7 kids’ health questions you might be too embarrassed to ask

From worms to body odour and breast buds, our experts answer some of the health questions parents often feel awkward asking their child’s doctor.

Feel self-conscious raising certain subjects about your child’s health with your GP?

The House of Wellness resident doctor Dr Nick Carr and Victorian Children’s Clinic director and general pediatrician Dr Lexi Frydenberg are here to help – read on for their answers to some common but awkward questions.

Does my child have worms?

Dr Frydenberg:

Worms, particularly threadworm infection, in kids are unbelievably common.

If your child has an itchy bottom or itchy vaginal area, especially at night, there’s a chance that it’s worms.

You can go to the chemist and get an over-the-counter worm treatment from the pharmacist.

You treat the child and the whole family, and take preventative measures such as washing all the linen in hot water.

Threadworms sometimes cause or worsen vulvovaginitis (inflammation of the vagina and vulval area in younger girls).

This is because the worms crawl out from the girls’ bottoms in the middle of the night, and the girls itch while they’re asleep, and the area gets inflamed.

So when we have a girl with an inflamed or itchy, red vaginal area, there are several things we do, one of them being to treat for worms.

Is my son’s foreskin too tight? And how do I wash his penis?

Dr Carr:

In little kids, leave it alone. The foreskin is attached to the head of the penis through adhesions and does not retract.

These adhesions slowly break down over the years, but sometimes the foreskin doesn’t fully retract until the teenage years.

Phimosis (tight foreskin) in older kids can usually be effectively treated with steroid cream applied twice daily for six weeks.

If this doesn’t work, it may be time to visit a urologist for a dorsal slit (sounds worse than it is) or circumcision.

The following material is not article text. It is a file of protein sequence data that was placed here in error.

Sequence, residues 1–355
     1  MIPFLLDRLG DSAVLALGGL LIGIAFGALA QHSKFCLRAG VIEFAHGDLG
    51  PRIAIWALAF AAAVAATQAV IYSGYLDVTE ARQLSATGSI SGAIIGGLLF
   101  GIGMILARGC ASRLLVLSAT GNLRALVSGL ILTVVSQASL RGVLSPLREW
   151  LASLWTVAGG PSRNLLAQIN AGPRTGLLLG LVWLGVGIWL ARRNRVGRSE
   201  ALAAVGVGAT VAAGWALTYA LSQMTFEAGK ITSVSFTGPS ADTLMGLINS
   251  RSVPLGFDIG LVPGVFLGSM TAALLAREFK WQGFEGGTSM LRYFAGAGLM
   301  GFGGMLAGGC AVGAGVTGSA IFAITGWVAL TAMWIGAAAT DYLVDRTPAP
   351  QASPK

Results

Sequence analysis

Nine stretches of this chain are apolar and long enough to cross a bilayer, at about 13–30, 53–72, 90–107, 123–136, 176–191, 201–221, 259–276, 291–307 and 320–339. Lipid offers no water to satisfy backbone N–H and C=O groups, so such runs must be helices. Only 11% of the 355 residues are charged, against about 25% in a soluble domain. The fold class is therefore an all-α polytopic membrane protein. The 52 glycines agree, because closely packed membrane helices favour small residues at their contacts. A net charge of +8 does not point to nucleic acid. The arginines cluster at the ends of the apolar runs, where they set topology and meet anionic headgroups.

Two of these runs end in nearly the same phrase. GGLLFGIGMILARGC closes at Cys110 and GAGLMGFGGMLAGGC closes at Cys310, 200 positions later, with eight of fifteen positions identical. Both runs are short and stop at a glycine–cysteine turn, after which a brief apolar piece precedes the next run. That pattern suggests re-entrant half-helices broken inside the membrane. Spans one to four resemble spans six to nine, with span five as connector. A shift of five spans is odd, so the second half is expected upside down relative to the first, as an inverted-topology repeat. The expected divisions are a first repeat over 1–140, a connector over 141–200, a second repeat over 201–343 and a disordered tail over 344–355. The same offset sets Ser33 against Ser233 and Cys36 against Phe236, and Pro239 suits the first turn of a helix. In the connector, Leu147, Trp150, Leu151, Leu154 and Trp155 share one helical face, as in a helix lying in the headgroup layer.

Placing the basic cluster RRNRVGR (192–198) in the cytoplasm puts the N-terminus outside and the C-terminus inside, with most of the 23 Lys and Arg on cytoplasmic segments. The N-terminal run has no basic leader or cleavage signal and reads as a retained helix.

How to clean under the foreskin? You don’t, and you don’t need to.

Wait until your son’s foreskin is fully retractile, and then show him how – by which time he’ll say, “For God’s sake!”.

Why does my daughter have uneven breast development?

Dr Carr:

Uneven breast bud development in girls during early puberty is common.

Definitely just leave alone, as it’s normal for girls to develop asymmetrically, particularly early on.

Why does my son have breast buds?

Dr Carr:

Breast buds in boys normally settle after puberty is over, so no intervention is needed.

Why does my child have body odour?

Dr Frydenberg:

Children usually start to develop body odour when they start going through puberty, which is actually much younger than most people realise.

In Australia, girls normally start going through puberty between the ages of 8-13 years, and boys between 9-14 years.

Often, parents are worried that “my child’s starting to smell”, and that may be a sign that puberty is starting.

It can be something parents get embarrassed about because they think it’s about poor hygiene, but it’s not necessarily – it can be due to hormone changes.

In a child of pubertal age, it’s very normal to have body odour, so we talk about what the child and family can do to help the smell so it doesn’t become an issue at school or with friends.

Good hygiene, regular showers, washing under the arms and around the groin, and using antiperspirant are all things that can help.

Is my child’s poo normal?

Dr Frydenberg:

Questions about poo are very common and range from “How often should my child poo?” and “What should it look like?’” to “Is it too hard or too soft?”.

It’s fairly common to have a bit of diarrhoea or mild constipation.

But the red flags to watch out for are if constipation or diarrhoea is prolonged, there’s blood or mucus in the stool, or it comes with other concerning symptoms such as unexplained weight loss, fever or your child looking pale or lethargic.

Then it’s worth getting your child checked.

How do I talk to my teen about sex and sexual health?

Dr Frydenberg:

It’s not a one-off conversation – you need to start early and keep having ongoing conversations over time.

Remember, the more we’re embarrassed as parents, the more the teen is going to be embarrassed about it, so work out what your comfort level is and offer for them to get professional advice from their GP or their sexual health clinic.

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